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On Negative Campaigning

July 27, 2010

Having written about negative campaigns in the last couple of days, I’d like to close the topic with a few general observations. I wouldn’t be the political scientist I am if I didn’t.

Why do candidates do it? The sad fact is, it works.  The American public has said for a long time that they don’t like it. I’m sure your mother told you that if you had nothing good to say about someone, don’t say anything at all.  Yet as one long-term activist told me, people take the negativity into consideration when they vote: perhaps a sort of “where there’s smoke there’s fire” attitude. It raises doubts in the minds of the voters. In geekdom, we call that FUD: fear, uncertainty and doubt and Microsoft marketing was known for it. People have a low opinion of politicians anyway–they’re ready to believe anything.

Further, people who are only peripherally engaged tend to treat both sides as if they’re doing the same thing–to be “fair.” My son was being picked on by a bully on the school bus. One day he’d had enough and hauled off and hit him. Guess what? They both went to the vice-principal’s office and both got punished. So the person slinging the mud ironically makes the person being trashed look bad too. A sorry mess indeed.

All of this supposes that the mud-slinging isn’t really fair, that it is something made up, taken out of context or exaggerated. As we’ve seen with political discourse generally, this is pretty common among lawyers trained to score debating points and the majority of our politicians are lawyers. But what if it is true? What then? Is that negative?

Truth is always a defense. During the 2008 presidential campaign, Barack Obama famously said he wouldn’t be “swift-boated.” What he meant by that was you weren’t allowed to judge him by the company he kept. Before 2008 that was called being railroaded, being condemned of guilt by association. But what does the term “swift-boated” really mean? John Kerry had misrepresented his military record and to bring that out was not negative campaigning but rather bringing the truth to light. In Obama’s case, he was able to twist the notion of negativity to make that rather than truth the central issue. We’re all paying for that sleight of hand now.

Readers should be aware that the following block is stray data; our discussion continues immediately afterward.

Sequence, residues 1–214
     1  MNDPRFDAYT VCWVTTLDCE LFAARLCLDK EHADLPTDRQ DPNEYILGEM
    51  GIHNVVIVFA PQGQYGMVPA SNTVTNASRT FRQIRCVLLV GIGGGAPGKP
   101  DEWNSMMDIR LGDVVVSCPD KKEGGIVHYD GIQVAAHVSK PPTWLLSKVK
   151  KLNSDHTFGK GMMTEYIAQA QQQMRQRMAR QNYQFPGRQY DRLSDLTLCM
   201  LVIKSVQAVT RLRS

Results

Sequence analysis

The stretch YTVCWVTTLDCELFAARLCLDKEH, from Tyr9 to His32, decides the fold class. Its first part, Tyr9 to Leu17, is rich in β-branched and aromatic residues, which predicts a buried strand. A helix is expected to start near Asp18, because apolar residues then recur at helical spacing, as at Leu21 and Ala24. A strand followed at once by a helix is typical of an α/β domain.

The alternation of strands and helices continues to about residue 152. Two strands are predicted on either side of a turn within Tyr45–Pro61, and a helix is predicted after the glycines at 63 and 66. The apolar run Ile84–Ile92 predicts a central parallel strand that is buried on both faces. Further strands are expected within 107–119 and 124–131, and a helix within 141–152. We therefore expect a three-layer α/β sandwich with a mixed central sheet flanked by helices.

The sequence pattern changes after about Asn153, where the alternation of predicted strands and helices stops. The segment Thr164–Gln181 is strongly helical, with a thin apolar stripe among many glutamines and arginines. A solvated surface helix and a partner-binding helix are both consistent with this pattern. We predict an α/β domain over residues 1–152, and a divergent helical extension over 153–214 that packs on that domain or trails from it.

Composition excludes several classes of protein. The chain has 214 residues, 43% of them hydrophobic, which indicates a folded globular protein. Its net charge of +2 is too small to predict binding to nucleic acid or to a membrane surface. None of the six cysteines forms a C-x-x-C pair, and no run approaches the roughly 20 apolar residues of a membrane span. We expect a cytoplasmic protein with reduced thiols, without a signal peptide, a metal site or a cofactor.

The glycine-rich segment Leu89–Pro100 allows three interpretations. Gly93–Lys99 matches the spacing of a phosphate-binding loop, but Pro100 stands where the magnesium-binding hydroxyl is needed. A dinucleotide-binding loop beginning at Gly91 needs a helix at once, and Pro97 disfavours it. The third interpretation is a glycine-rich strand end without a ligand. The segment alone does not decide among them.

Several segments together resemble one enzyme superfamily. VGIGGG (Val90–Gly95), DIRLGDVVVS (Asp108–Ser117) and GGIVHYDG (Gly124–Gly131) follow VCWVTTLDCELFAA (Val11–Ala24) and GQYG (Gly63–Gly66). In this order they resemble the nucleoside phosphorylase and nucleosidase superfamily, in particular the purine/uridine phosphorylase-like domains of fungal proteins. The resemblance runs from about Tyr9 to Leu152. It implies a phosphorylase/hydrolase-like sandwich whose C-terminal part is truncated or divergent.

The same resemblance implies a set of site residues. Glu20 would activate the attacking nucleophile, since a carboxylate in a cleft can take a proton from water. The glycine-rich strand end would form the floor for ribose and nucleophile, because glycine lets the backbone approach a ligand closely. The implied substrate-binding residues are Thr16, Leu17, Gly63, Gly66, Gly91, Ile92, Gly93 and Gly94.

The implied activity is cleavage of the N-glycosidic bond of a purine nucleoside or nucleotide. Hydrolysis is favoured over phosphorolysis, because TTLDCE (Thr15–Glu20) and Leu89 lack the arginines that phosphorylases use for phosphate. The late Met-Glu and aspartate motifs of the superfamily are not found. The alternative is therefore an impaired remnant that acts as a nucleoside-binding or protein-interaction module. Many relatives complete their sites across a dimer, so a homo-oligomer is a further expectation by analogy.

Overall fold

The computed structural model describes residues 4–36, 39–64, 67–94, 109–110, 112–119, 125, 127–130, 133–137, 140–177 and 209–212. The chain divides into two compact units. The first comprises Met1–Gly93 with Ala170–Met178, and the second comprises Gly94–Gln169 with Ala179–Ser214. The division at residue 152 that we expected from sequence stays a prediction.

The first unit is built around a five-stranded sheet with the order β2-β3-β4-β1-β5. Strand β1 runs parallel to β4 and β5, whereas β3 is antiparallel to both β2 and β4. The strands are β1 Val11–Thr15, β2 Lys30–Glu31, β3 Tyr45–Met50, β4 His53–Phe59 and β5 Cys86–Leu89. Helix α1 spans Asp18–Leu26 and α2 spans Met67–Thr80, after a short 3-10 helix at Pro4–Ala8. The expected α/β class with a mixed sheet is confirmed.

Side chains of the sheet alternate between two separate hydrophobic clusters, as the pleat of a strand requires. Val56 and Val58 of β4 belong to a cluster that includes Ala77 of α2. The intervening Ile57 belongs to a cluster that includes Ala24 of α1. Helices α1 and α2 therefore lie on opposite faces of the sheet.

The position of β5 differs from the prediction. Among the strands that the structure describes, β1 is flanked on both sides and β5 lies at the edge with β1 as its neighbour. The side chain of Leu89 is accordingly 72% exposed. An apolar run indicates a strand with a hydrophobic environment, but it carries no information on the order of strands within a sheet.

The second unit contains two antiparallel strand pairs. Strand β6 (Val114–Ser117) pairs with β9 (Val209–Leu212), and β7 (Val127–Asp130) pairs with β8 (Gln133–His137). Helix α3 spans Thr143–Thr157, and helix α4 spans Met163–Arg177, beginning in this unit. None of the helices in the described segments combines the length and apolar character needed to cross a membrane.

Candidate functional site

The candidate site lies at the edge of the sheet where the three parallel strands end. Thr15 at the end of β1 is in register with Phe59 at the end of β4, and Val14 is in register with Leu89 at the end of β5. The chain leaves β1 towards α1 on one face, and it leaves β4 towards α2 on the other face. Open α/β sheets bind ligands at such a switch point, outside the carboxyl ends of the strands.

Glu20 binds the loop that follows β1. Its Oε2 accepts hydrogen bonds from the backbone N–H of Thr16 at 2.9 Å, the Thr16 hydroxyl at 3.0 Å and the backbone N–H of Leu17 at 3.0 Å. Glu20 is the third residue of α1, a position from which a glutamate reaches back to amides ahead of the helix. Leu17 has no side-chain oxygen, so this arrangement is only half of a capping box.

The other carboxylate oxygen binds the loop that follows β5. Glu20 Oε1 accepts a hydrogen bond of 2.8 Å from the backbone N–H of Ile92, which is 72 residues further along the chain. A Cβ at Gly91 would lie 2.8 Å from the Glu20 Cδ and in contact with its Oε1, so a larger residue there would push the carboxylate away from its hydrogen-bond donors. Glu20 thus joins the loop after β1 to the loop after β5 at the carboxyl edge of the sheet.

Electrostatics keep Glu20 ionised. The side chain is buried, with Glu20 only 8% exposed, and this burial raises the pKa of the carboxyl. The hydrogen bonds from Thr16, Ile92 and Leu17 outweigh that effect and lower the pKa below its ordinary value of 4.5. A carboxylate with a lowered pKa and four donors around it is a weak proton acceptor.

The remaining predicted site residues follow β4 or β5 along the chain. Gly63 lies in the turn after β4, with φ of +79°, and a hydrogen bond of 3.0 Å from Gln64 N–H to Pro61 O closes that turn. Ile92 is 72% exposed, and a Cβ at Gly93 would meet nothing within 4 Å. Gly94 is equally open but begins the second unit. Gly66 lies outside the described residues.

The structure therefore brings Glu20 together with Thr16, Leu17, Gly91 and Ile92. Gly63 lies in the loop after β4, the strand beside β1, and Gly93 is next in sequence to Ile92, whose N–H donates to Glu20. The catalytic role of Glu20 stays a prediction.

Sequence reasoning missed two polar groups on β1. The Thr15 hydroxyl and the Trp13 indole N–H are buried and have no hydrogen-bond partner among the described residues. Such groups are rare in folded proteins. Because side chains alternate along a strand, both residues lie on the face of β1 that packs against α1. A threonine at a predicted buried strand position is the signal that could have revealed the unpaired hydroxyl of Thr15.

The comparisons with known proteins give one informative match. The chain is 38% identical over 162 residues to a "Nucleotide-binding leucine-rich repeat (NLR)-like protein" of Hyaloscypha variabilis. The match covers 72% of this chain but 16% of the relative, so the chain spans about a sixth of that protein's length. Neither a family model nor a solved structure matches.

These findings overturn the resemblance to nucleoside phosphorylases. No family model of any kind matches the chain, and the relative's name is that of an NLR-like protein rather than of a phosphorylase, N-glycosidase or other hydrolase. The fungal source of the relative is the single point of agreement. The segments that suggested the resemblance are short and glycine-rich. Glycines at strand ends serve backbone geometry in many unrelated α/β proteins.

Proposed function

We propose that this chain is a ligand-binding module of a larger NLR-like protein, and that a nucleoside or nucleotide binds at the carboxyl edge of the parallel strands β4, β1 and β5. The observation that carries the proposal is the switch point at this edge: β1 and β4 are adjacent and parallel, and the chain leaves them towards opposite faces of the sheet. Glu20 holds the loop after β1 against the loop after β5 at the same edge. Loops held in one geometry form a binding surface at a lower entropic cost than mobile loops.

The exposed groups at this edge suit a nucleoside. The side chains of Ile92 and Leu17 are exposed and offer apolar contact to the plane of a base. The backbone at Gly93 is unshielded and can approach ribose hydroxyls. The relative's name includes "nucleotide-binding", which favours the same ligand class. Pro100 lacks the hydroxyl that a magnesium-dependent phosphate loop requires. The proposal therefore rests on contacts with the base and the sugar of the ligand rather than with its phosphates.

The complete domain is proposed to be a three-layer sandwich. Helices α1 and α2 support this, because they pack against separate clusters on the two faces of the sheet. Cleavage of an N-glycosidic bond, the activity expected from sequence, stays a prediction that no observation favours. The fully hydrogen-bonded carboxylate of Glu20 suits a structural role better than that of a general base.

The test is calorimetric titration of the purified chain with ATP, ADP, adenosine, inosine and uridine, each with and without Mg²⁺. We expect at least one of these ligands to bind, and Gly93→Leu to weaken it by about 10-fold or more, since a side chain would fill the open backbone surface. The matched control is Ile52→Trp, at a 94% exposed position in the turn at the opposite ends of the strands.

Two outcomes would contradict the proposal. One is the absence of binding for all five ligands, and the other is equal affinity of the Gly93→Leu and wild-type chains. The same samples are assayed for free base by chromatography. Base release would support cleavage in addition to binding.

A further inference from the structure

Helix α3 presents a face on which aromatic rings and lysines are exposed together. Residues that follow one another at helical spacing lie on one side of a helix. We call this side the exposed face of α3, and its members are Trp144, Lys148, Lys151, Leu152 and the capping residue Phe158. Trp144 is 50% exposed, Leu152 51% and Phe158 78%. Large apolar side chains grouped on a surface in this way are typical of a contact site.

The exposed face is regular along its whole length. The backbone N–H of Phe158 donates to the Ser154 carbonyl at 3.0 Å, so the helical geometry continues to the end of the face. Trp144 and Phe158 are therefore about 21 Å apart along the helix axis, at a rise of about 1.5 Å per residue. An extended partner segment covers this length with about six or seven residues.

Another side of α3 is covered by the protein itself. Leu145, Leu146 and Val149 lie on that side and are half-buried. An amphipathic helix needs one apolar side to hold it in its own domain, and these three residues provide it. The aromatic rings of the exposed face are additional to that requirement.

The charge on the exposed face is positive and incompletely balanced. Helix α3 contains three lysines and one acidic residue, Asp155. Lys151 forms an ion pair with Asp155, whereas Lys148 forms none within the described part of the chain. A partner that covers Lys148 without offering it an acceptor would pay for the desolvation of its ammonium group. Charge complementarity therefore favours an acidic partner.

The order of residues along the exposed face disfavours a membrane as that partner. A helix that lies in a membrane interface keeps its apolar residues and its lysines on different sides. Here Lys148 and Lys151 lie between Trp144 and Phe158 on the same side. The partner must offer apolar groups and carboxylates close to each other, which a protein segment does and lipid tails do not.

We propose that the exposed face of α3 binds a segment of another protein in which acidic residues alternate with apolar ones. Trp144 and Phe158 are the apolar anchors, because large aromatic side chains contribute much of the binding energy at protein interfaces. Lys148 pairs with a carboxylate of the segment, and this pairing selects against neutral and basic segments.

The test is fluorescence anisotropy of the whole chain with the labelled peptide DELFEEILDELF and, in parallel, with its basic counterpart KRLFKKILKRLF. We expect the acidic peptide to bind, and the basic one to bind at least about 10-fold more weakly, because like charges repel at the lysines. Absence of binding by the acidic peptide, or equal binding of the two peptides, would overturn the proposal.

Generally negative campaigns work because voters allow them to. Only when people stop supporting candidates who engage in this behavior will they stop it. 2010 may be that time.

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One Comment leave one →
  1. July 27, 2010 3:14 pm

    2010 could be the year it’s rejected. There are many more values voters in 2010 who view it as smoke for a poor message. Walking precincts over the last several weeks, I have been told by many that they hate the ads being run. We’ll see if they hate them enough not to not pull the lever for those campaigns that have made half truth and exaggerated attacks their primary focus. If so, those responsible for taking those campaigns in that direct could find their own reputations tarnished beyond repair.

    We have seen more than one person this election season go from activist to mud slinging operative or from respected movement member to shrill over the top agitator.

    I think people will remember.

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